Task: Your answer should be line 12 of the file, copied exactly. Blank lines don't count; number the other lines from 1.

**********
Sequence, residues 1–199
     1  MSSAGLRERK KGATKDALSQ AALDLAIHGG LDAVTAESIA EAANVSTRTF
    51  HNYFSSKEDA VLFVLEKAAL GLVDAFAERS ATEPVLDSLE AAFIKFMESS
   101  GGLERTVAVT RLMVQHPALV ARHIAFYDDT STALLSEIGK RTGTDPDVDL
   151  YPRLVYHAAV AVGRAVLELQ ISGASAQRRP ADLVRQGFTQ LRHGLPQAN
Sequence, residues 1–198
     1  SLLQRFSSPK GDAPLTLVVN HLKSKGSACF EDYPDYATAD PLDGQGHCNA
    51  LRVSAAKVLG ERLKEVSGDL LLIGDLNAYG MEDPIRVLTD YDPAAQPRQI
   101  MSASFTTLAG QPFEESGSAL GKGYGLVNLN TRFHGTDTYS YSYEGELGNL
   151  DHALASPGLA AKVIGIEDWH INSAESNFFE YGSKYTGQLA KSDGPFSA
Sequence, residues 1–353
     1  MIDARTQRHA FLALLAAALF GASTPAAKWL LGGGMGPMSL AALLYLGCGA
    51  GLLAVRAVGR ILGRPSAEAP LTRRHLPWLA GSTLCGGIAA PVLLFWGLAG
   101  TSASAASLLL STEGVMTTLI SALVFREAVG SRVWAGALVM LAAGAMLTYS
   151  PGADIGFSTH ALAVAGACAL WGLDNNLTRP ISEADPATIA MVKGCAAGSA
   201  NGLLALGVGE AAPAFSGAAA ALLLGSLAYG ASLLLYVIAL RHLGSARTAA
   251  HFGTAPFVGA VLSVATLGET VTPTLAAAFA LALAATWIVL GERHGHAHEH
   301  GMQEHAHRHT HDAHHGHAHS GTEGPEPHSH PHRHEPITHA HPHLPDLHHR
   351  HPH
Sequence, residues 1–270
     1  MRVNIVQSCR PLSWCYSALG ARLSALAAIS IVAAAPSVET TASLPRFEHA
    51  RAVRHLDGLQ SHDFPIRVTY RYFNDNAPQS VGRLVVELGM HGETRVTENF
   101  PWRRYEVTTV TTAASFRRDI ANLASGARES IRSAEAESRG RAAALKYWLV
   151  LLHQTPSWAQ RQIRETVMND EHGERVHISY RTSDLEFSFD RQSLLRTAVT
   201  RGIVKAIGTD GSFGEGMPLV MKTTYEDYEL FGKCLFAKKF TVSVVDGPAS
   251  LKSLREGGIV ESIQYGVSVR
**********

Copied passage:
     1  MIDARTQRHA FLALLAAALF GASTPAAKWL LGGGMGPMSL AALLYLGCGA